Cheshire news Little known legal procedure used by man to get road potholes fixed PremierLeague-News.Com

PremierLeague-News.Com - Stephen de la Cour said the 'big' potholes in Audlem proceeded to get 'worse and worse' over winter

Cheshire news Little known legal procedure used by man to get road potholes fixed PremierLeague-News.Com

PremierLeague-News.Com - Stephen de la Cour said the 'big' potholes in Audlem proceeded to get 'worse and worse' over winter

Cheshire news  Little known legal procedure used by man to get road potholes fixed PremierLeague-News.Com
13 May 2021 - 04:00

PremierLeague-News.Com - Breaking Sport Transfer News ! A Cheshire man has used a 'rare' legal procedure to force the council to fix potholes in his village. Stephen de la Cour said he first noticed an issue with the roads in Audlem when he moved there in November last year. Mr de la Cour said the 'big' potholes on Cheshire Street proceeded to get 'worse and worse' over winter. Disappointed with what he perceived as a lack of action by Cheshire East Council, Stephen decided to use the Section 56 procedure. The Section 56 procedure allows someone to issue a notice under the Highways Act 1980 that a road or 'way' is defective. This gives the council one month to admit that they are responsible for maintaining the road, and that the road should be maintained at public expense. Speaking with CheshireLive, Mr de la Cour said: "I moved to Audlem in late November 2020. "I was living in cities before, so you just sort of get used to the potholes, but I came to Audlem and they were a bit more noticeable because you're using the same roads everyday. "I'd started reporting it on the Cheshire East Council website using an online web form over winter. Some of these were big potholes on the main roads, they weren't small. Stephen said that over winter the potholes started getting 'worse and worse' (Image: Stephen de la Cour) "The council just sent automated emails back saying it will be dealt with in line with their priorities, they didn't give any estimates or anything like that. "Then, all of a sudden, over winter they started getting worse and worse, so I sent the forms back in again and nothing happened until a point where some of them started to get a bit silly." Mr de la Cour said the council did come out to repair some of the potholes, but left others. He said: "The council came out to some of them, looked at them and repaired maybe two or three but then left the other ones next to them which were equally as big. "It just got worse and in the local area, people were always saying they're not getting listened to either. "So I did a bit of research online, and I found the Section 56 procedure towards the back end of March. I mean, some of these potholes had been there for months at this point. "I filled in the forms, hand delivered it to the Highways Depot and then a month later they've accepted liability and fixed them." Mr de la Cour outlined the Section 56 procedure, and the legal process. He said: "If you fill in the council's web form online, that puts everything in their own control. "When you report it, you're simply just reporting a fault. You're not saying you want it fixed in this timeline. "But the Section 56 procedure is a statutory procedure. "By law, it says that the council has to respond within one month, and if the council doesn't respond within one month, you can either go to the Crown Court and force the council to respond, or if the council have responded within the month and they still haven't fixed the problem, you can go to the Magistrates Court and you can obtain an order from the court to get them to fix it. "If they still don't do it at that point, the Magistrates actually allows permission to any person to fix the road themselves and bill the council back for the amount you've had to pay fixing it. "To me, the council really dislikes the Section 56 procedure because it puts them onto a statutory timescale and if they don't comply with it and the road is defective, there's no choice but to repair it. So they may as well fix it as soon as they get a Section 56.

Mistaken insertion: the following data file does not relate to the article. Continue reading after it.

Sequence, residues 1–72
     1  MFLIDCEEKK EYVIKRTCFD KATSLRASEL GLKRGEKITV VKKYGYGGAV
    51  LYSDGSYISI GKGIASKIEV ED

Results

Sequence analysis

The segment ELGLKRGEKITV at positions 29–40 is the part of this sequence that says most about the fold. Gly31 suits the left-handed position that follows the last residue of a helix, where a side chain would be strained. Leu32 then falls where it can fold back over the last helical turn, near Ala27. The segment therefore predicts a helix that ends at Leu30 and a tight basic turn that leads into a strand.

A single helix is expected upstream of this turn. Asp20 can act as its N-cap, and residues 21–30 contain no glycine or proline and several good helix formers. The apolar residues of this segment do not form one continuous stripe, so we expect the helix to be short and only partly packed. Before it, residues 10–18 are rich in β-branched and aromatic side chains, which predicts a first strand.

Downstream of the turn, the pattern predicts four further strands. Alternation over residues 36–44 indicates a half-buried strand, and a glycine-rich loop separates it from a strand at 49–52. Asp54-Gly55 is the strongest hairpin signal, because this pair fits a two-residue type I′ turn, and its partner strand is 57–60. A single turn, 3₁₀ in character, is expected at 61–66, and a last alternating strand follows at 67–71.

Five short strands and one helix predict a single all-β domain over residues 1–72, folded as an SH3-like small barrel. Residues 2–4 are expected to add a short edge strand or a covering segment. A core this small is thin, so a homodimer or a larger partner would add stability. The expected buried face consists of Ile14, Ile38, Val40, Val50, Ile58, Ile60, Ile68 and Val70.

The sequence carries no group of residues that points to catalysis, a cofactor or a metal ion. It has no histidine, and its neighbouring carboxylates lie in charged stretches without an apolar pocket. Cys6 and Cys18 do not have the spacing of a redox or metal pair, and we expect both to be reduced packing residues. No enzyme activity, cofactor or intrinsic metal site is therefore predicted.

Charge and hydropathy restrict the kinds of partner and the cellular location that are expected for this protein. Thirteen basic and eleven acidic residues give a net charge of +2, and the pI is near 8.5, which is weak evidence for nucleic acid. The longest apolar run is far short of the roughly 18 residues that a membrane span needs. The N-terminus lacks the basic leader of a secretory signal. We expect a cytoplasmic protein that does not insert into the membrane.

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. He said "It felt good. Audlem is a small community, and little issues like that make a difference to people. One of the potholes (Image: Stephen de la Cour) "It's disappointing, the cost to Cheshire East of having to go through that, they had to get their solicitors involved and all sorts, it's frustrating that if they just fixed the potholes and defective road and subsidence in the first place using the online forms they wouldn't have incurred the additional costs. "So it's cost them more in the long run by delaying it. There's a frustration there. "Once they'd fixed it, I did think well, at the end of the day, if the council had done what they should've done they wouldn't have incurred the cost, the road is now fixed, it was on a junction as well, so it was fairly dangerous in any event. "I was just quite glad really that the council took action on it, but obviously disappointed that I had to basically force them to using a legal procedure." Cheshire East Council responded by saying the repairs in the first instance did not reach the 'repairs criteria' under the code of practice, with bad weather then causing the road surfaces to 'deteriorate further.' They also pointed out that, this year, their highway maintenance funding from central government has been cut by 23 per cent from last year, meaning they have to focus on 'key routes only' this year. The council said that all roads are regularly inspected as part of a 'robust scheduled safety inspection regime' and in response to 'enquiries'. They also asked residents to report via the 'official channels' and that legal action is 'expensive for all parties' and 'depletes council resources to deliver services'. A spokesperson for Cheshire East Council said: "We inspected this road in November 2020, and it did not reach the repairs criteria under the code of practice. However, the winter weather pattern of freezing temperatures and frosts, mixed with heavy rain, snow and ice does impact on road surfaces and caused this section of road to deteriorate further. "It was assessed again on 11 March and all defects that met the repairs criteria were repaired shortly afterwards. "An additional inspection was carried out on 21 April and repairs were completed to potholes and a broken manhole cover shortly after that. "This year, our highway maintenance funding from central government has been cut by 23 per cent from last year. The grant reduction has meant that we will be focusing on key routes only this year. "Larger-scale resurfacing works will concentrate on roads with the greatest usage and those with the greatest risk, to enable the money to be used in the most effective way. All roads on the network are regularly inspected as part of a robust scheduled safety inspection regime and in response to enquiries. "We work hard to deal with the increasing number of road defects and we endeavour to ensure that our network remains safe. To report any road defects, including potholes, visit: www.cheshireeasthighways.org/report-it-general.aspx or call 0300 123 5020. "Reporting via our official channels ensures that reports are dealt with efficiently, while obtaining the best value for the taxpayer, with more of their money going into the network and services. Legal action is expensive for all parties – and only depletes council resources to deliver services." Top stories from the CheshireLive newsletter Here are the latest stories from the CheshireLive newsletter Cheshire hotel is most romantic in the UK - and fourth in the world Banned driver pretended to be his twin when he was pulled over Update on future of iconic Browns of Chester Social worker posted 'racially insensitive' comments on Facebook All the things you still can't do after May 17 Want to sign up to receive these stories straight to your inbox? It's free and means you'll never miss the most important Cheshire news of the day You can sign up here Not signed up but want to try it out? You can read a preview of today's newsletter here